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Leveraging the Asian Studies Project Locally
Lafayette College’s Perspective

In the spring of 2017, Lafayette College joined eleven other institutions to participate in Ithaka S+R’s qualitative study of Asian Studies scholars (Ithaka S+R’s capstone report, which includes links to the reports authored by the participating institutions, can be found here). As part of the project, Michaela Kelly and I conducted one-on-one semi-structured interviews with our faculty members on their research focus and methods, information access and discovery, dissemination practices, and the state of the field. Our resulting report identifies key areas where Asian Studies scholars at Lafayette can be better supported in their research endeavors including: continuing to engage with Asian Studies scholars in their new modes of research, facilitating conversations on data management and preservation, partnering with other institutions to build methodological support, and sponsoring faculty seminar series to help connect Asian Studies scholars with scholars in other fields on campus. Today I am writing to share further about the library’s experiences implementing one of the recommendations that emerged from the findings–developing a seminar series.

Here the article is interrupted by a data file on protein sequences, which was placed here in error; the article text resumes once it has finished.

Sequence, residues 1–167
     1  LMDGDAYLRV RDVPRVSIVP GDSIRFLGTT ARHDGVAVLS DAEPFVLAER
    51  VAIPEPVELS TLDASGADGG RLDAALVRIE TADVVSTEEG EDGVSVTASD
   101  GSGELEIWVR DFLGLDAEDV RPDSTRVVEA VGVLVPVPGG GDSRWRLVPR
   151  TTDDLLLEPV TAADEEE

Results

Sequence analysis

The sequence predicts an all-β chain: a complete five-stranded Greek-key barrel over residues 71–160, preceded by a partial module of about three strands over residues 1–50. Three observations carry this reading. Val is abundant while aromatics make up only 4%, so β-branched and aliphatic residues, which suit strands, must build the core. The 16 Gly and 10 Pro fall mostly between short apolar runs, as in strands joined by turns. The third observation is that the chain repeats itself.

Engaging with Asian Studies Scholars at Lafayette College

Lafayette College is a private, liberal arts residential college with 2,400 full-time students and 215 faculty members. It offers the Bachelor of Arts degree in thirty-seven fields and the Bachelor of Science degree in nine fields of science and four fields of engineering. Given the small size of the college, the relatively brief history of the Asian Studies program it’s not uncommon for a single faculty member to be the only person working on a large geographic area and territory at the college.